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Where it grows:  Eastern North America, hardy to zone 3.

Description: A coniferous evergreen which in poor soil may just be a shrub but in the right conditions can grow as high as 40-50 feet with a spread of 8-15 feet.  It is pyramid shaped. The leaves change appearance with age. The young ones, on trees up to three years old and the new growth on older trees have sharp spreading needles about 2-4 inches long. Leaves of older trees are green and scale-like arranged in overlapping groups of four. The trees I picked from were of the younger variety. There is a good picture showing the leaves at different stages in this post. The fruit are small currant sized cones resembling berries, dark blue with a white waxy coating which makes them look sky blue.

Uses: The cones are used in cooking and making gin, the leaves are toxic. The bark is used as a moth repellant, and the wood is used in building fence posts. Oil is extracted from leaves, bark and wood.

Benefits and Cautions: The cones (which look like berries) have an antiviral compound called deoxypodophyllotoxin (DPT) which is used against some viruses. People used to add it to tea as a medicinal herb. They should not be taken in large amounts.

Juniper Berries on Punk Domestics

At this point I was just interested in using these little cones (berries), and as I am off rich and meaty dishes at this time of year, I decided to make a vegan soup – a pea soup, with some aromatic flavour. I also used some of my prickly ash, or szechwan pepper, but if you don’t have that you can just use more black pepper. And if you don’t have these plants in your area, you can buy both juniper berries or Szechwan pepper at a good spice store.

 

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I soaked, then cooked one pound of split peas. Once cooked I added 1 chopped onion, 1 carrot, 4 crushed cloves of garlic, 10 juniper berries, 1 tsp Szechwan pepper, 1 tsp black pepper and salt to taste. I simmered it until all vegetables were cooked.

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You can vary the spiciness  according to your taste of course. By using these less common flavours, you will find this familiar soup takes on a whole new character. If you have a favourite dish using juniper berries, I would love to hear about it.

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Linked to:  Angie at The Novice Gardener; Jhuls at The Not So Creative Cook and Mr. Fitz of Cooking with Mr. Fitz.

 

 

 


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How to Make Tonic Water

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I recently wrote about making sodas from the root of a common weed – chicory. Fermenting a root, often ginger, is the first step in making a soft drink. It is then mixed with whatever juice you choose, a little more sugar or raw honey for a further ferment, sealed, and that’s it. The full recipe can be found here.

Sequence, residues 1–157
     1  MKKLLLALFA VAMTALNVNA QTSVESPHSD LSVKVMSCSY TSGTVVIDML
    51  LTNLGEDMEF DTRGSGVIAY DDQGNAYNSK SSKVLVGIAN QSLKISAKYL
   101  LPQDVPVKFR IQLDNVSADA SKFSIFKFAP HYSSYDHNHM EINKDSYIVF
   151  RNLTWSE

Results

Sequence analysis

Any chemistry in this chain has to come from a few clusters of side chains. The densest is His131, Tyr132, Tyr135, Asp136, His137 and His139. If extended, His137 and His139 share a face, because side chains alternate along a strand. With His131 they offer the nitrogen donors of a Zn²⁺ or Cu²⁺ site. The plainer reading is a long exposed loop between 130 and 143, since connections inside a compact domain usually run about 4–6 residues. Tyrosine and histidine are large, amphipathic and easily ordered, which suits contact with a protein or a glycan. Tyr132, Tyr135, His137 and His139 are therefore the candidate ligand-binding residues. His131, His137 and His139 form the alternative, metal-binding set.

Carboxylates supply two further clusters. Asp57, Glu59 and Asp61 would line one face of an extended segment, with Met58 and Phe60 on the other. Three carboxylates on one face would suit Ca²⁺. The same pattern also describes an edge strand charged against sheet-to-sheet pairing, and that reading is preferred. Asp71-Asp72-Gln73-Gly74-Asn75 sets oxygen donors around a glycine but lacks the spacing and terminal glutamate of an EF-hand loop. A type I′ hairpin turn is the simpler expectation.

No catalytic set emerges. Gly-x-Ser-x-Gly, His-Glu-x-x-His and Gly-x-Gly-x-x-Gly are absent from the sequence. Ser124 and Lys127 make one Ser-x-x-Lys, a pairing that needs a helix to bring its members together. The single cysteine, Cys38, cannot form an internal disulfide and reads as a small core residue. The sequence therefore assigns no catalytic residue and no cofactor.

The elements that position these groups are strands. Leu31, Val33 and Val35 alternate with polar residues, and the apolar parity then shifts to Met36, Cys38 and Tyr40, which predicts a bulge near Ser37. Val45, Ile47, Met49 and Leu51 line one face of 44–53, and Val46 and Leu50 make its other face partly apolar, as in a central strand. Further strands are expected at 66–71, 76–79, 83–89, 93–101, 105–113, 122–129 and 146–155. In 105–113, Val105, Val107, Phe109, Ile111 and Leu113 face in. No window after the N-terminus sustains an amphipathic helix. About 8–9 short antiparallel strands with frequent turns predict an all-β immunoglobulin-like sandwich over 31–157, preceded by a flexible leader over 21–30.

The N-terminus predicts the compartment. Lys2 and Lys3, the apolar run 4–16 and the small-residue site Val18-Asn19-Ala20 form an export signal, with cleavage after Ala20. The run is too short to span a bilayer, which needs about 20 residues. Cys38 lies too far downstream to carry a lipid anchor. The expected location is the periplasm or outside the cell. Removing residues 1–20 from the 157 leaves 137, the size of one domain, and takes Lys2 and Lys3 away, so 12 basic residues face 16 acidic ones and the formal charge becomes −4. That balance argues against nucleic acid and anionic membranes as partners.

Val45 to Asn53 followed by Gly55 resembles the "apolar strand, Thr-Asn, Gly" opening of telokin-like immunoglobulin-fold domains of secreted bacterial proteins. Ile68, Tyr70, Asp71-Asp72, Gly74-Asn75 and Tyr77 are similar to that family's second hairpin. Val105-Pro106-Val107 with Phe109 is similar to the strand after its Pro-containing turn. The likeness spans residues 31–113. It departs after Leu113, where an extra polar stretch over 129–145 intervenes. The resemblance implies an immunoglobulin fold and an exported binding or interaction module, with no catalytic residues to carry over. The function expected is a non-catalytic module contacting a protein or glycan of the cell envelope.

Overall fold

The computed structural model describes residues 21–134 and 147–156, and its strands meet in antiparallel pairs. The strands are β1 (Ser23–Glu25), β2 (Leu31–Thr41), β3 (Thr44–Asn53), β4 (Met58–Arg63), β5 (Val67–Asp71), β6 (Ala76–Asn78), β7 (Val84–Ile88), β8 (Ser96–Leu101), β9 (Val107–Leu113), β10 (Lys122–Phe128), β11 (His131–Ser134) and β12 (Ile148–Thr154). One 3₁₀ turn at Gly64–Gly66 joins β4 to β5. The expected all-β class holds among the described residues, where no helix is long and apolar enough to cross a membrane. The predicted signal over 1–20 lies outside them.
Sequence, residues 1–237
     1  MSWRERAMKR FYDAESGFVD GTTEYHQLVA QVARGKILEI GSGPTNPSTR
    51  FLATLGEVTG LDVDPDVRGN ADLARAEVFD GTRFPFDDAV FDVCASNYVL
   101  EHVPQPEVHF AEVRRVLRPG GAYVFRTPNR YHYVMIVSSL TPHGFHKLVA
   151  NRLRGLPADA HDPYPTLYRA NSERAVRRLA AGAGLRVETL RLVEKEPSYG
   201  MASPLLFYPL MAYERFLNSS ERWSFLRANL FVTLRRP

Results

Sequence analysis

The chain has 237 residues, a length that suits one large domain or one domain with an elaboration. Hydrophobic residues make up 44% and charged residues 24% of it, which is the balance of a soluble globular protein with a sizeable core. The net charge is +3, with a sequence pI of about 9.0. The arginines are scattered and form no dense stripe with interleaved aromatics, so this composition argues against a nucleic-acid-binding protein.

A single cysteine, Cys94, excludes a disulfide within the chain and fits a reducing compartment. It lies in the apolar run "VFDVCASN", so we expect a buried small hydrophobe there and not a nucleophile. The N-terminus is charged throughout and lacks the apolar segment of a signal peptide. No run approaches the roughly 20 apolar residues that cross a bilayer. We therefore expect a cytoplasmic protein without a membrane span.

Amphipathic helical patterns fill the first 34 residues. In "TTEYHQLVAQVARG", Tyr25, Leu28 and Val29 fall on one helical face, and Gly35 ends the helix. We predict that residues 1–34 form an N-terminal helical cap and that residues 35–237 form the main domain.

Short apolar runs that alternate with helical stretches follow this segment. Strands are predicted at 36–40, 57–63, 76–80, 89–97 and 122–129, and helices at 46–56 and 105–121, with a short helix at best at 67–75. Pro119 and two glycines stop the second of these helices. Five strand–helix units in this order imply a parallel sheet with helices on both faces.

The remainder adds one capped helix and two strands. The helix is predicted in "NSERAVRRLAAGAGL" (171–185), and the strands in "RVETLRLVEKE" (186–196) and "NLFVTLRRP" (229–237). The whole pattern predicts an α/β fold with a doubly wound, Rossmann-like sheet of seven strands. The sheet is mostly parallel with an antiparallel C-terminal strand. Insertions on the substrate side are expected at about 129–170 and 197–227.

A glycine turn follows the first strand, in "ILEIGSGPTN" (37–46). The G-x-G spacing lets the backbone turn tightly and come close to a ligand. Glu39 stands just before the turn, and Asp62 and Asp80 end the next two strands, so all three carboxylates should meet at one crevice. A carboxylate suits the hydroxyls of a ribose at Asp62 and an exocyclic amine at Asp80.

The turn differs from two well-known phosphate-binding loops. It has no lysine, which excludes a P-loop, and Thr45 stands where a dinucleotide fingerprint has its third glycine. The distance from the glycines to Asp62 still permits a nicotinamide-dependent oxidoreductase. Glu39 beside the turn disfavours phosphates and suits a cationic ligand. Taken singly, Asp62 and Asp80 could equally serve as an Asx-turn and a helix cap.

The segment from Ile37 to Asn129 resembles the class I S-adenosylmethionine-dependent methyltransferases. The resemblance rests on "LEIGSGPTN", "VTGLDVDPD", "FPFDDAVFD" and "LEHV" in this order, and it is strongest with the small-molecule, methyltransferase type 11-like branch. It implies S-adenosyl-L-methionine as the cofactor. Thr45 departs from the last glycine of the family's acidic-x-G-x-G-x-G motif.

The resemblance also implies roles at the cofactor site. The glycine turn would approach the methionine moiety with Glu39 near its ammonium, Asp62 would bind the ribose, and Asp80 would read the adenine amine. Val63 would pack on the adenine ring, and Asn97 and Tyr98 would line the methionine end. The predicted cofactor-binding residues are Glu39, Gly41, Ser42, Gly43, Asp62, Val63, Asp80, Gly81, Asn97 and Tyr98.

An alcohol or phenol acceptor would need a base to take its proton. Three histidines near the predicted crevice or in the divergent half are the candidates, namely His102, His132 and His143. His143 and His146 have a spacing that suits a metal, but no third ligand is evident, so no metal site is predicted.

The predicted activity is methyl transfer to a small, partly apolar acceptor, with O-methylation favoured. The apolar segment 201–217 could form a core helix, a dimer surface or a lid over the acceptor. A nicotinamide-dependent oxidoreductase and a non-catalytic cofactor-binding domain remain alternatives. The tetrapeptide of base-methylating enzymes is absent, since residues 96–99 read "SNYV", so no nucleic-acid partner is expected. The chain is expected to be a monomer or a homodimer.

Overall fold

How to Make Tonic Water on Punk Domestics

I found the chicory bug had a bitter flavour, but nothing that would interfere with other flavours, so it can be a good alternative to ginger. It reminded me of the flavour of tonic water, so the next challenge was to develop it into the real thing.

I dug up some more chicory root while the ground is not yet frozen. The flowers had wilted but there were some tasty young green leaves at the base of the plants not to be wasted.

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Chicory plants in November

The roots are easiest to cut up when fresh, so it’s best to chop them all so when they dry, they are ready to add to your bug.

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Chicory roots

Searching for a good tonic recipe, I came across this one by David Lebovitz which I followed very closely, except I used a pinch of lavender flowers in place of the lemongrass called for. Instead of mixing the prepared syrup half and half with soda water, I fermented it with the ‘bug’, some raw honey and more water.

First, a little about this syrup. The ingredient that gives tonic water its distinctive flavour is the bark of cinchona (quina), a plant originating in South America but cultivated also in Asia for its medicinal qualities, one of which has been a treatment for malaria. For more about the plant, its uses and contraindications, read this.

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Cinchona bark

You won’t likely find this bark in your local green grocer’s, but a good herb shop should carry it, and of course you can buy it on line.

It is wise to use organic fruits, especially since the peel is used.

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Tonic infusion after 2 days

The bark, some spices, fruit juice and zest are all mixed together, heated and allowed to sit for a couple of days to make a richly coloured, super aromatic, bitter syrup.

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Strained tonic syrup

The next step was to ferment this with my chicory bug. For this I used

100 ml. chicory (or other root) bug

125 ml tonic syrup

2 Tbsp raw honey

1 tsp granulated sugar (optional, for a little extra sweetness)

200 ml non-chlorinated water.